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And here's a similar shot of a different horn player. When this shot appears on the screen, your attention goes, of course, to the mouthpiece of the horn where the musician is sputtering away (doing a masterful job of controlling this most balky of instruments). While you focus on his mouth, the rest of the image is in peripheral vision. Peripheral vision is fuzzy, but it is also exquisitely sensitive to motion. So while watching this view, your attention will be drawn to something happening on the right. When you change your point of attention, you will note a fat bead of saliva running down the flair of the horn below the performer's right hand. All brass instruments create rivers of spit that can get messy as they start their trek to the ocean:

With 261 conductor shots in 68 minutes, one would not be too surprised if a ménage à trois event turns up. A ménage à trois occurs in a symphony when there are 3 conductor shots in a row that combine at least one regular conductor view with at least one conductor-over-backs shot (i.e. typically, a C-C/B-C sequence). Well, at 00:07:22 we get the beginning of such an event with the image below:

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The next clip at 00:07:32 is a C/B shot:

And the next clip is, you guessed it, a trip back to an individual conductor in the shot at 00:07:39 shown below. I can't image why any TV director would want to do anything this inane. One logical explanation would be that nobody noticed or thought it odd. But I must be wrong about this. There must be some good reason that I'm missing. This occurs to me because there are 3 more ménage à trois events that pop up later in this video! [See 00:25:09, 01:03:05, and 1:08:45 to check my facts.]

Another deadly video sin is a long pan like the one seen below. It paints the whole orchestra as a continuous motion blur from start to finish. Maybe I'm missing something again. The picture below does look something like one of those strange altered photos that Gerhard Richter produces and sells for big bucks:

On this website, instrument-only shots are always under attack as lazy filler used by the TV director when he runs out of better ideas. But there are exceptions when an instrument-only shot can be useful in making a special point. For example, the 1st Movement of this symphony ends with a single pizzicato note played by all the lower strings at pp. But Beyer didn't have a good way to show all the lower strings doing anything. In the image below you see a hand getting ready to make a pluck on a single instrument---this caught me off guard and was an effective way to depict visually the rich, concluding pizzicato that I heard:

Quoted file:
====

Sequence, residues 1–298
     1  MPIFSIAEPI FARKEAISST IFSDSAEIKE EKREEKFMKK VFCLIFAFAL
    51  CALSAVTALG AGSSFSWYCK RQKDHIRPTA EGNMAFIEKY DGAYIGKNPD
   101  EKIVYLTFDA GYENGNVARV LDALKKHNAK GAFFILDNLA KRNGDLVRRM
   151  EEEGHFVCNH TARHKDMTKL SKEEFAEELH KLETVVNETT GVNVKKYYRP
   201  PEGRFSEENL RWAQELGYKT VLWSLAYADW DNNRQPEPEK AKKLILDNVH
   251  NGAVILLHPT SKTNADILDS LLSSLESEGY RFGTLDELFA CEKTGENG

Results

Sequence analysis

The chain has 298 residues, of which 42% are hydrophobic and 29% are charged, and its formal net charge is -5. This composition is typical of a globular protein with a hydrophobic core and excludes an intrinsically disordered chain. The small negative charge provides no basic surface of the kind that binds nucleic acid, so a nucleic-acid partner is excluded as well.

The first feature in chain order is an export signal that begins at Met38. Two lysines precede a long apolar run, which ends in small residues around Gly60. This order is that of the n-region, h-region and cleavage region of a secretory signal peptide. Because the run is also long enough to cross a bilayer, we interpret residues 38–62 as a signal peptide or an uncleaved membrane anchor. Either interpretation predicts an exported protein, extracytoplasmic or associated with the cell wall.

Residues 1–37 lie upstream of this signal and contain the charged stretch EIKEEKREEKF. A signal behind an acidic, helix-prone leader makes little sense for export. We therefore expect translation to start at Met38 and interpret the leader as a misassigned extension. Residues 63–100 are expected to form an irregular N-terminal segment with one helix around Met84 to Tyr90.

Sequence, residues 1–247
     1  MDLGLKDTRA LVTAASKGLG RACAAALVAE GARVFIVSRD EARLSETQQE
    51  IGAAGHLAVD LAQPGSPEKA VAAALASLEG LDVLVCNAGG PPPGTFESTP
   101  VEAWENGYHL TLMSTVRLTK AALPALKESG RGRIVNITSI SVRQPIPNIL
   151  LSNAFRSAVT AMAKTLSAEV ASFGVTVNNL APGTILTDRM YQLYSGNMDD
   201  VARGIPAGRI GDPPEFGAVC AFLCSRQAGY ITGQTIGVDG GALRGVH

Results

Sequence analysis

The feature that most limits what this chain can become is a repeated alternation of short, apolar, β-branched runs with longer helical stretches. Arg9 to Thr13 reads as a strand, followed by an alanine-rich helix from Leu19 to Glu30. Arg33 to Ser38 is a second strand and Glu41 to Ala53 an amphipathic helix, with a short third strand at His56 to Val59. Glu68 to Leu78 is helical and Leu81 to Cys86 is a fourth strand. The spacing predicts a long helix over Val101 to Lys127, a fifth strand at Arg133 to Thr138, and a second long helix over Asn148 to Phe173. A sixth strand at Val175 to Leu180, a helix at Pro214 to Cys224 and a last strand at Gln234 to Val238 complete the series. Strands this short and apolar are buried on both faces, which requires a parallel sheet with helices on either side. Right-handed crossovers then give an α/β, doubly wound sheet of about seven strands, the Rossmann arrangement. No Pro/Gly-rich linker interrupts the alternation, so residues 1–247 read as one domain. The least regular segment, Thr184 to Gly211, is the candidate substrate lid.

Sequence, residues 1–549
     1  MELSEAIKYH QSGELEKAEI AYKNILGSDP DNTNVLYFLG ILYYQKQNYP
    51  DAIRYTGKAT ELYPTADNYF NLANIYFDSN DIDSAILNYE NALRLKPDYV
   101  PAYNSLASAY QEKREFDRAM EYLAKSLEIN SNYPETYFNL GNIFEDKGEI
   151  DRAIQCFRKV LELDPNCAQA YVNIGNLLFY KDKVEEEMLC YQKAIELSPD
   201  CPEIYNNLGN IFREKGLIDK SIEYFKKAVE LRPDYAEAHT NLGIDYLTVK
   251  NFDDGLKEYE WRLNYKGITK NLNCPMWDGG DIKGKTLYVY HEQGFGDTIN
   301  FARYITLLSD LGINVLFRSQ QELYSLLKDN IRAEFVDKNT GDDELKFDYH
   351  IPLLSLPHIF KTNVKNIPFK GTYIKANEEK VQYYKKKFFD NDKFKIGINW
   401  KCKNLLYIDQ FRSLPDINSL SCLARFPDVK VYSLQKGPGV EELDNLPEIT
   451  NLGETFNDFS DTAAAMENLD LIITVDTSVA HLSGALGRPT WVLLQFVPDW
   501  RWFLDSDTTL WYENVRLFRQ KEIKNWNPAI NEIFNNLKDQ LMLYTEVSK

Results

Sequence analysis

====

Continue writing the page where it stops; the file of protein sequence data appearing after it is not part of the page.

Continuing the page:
But there are another 55 instrument-only views that are mostly junk shots like the image below with everything out-of-focus except the bell and inner slide of one trombone:

I hope I've given you fair warning about the poor video content here. Still, all is not lost. This was an exciting performance of extremely dramatic and interesting music by an excellent orchestra under a great conductor. The SQ is excellent. Even a mediocre video recording can be worthwhile when compared to just listening to a CD. Our mission here is not to fret too much about the past. Looking to the future, we advocate for great performances matched with excellent PQ and video content that takes full advantage of HD TV.

Before we can agitate for change, we have to show our reasons for being unhappy with the current state of things. And you might wonder how I know there are 754 clips in this video. Well, I used the Wonk Worksheet which you can read here.

Now for a grade. I deduct a + for lack of 96kHz/24-bit sampling. For soft PQ I deduct a letter grade. A terminal case of DVDitis earns a further deduction of 2 grades. Considering all the instrument-only shots, focus errors, and excessive panning, I see an F looming up. But the excellent SQ causes me to relent and arrive at a D. Under our grading system, this means don't buy this unless you have a really good reason.